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Vetoed Trades, Part Three
Posted By Paul Swydan On February 15, 2013 @ 5:00 pm In Daily Graphings,Mets,Nationals,Orioles,Rangers,Tigers,Yankees | 16 Comments
Vetoed trade: Aug. 1993, Expos send Dennis Martinez to Braves for Brian Hunter
Completed trade: None
Chances are, you don’t remember the stretch run for the 1993 Montreal Expos [insert standard Jonah Keri joke here]. So, when you look at the final 1993 standings, you might scratch your head and wonder why the ‘Spos, who only finished three games behind the eventual National League pennant-winning Phillies, were trying to trade Martinez. I mean, sure, Martinez was having a down year in ’93, but he was still a very good pitcher. From 1986-1992, his 3.34 FIP ranked 23rd among qualified starting pitchers, and his 2.90 ERA ranked sixth. But then, if you’re like me, you would do a little more digging, and find that on Thursday, August 26, 1993, the day that Martinez vetoed the trade, Montreal was a whopping 12.5 games back. After the veto, they would put a scare into Philadelphia. They took two of three from them in mid-September to get to four games back with 13 to play, but they only took eight of those final 13 — not enough for a team with a minute margin for error.
Martinez rejected the trade in large part because the Braves — who were rumored to only have put in a waiver claim on El Presidente to block the rival San Francisco Giants from getting the claim on him — couldn’t guarantee him a spot in its playoff rotation. As it turns out, the veto didn’t work out so poorly for Montreal. For starters, they got to experience seven more Martinez starts, five at home, during which he was in vintage form — he posted a 2.52 ERA and the team went 6-1 in those starts as they put the fear of Jebus into Philadelphia.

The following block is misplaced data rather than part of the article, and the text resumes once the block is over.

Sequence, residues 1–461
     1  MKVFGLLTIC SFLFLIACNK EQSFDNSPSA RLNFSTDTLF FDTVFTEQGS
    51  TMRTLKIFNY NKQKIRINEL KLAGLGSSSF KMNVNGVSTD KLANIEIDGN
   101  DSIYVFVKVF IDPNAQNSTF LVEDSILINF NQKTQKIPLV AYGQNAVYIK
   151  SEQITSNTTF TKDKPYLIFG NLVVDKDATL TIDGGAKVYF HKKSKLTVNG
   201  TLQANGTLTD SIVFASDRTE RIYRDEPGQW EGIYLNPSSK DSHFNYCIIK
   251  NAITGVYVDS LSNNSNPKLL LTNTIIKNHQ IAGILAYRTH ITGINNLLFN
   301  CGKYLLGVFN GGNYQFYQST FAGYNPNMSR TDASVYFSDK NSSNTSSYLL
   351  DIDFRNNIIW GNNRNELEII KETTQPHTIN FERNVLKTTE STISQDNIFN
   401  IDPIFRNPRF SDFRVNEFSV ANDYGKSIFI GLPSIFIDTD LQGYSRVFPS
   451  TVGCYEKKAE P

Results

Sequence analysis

Second, and more importantly, they netted a compensation pick for the 1994 draft when Cleveland signed him in free agency after the season, which they used to select pitcher Mike Thurman. Thurman wasn’t a replacement for Martinez by any means, but he did pitch nearly 500 innings for the Expos, and accumulated a tidy 4.6 WAR in the process. You could make the case that they should have drafted Troy Glaus, who was selected six spots later, but assuming they were locked in on a pitcher, they did well — none of the 15 pitchers selected after Thurman in the first and second round that year amounted to anything. And while Thurman’s 4.6 WAR might not sound like much, but it was much better than the player Montreal was set to receive in Hunter. Hunter, who had been sent back to the minors when Atlanta acquired Fred McGriff a month before the Martinez veto, was only worth 2.3 WAR over the next seven seasons (he actually only played in six of them). He was sent to the Pirates the next season for a player to be named later (Micah Franklin) who never actually played in the majors for Atlanta.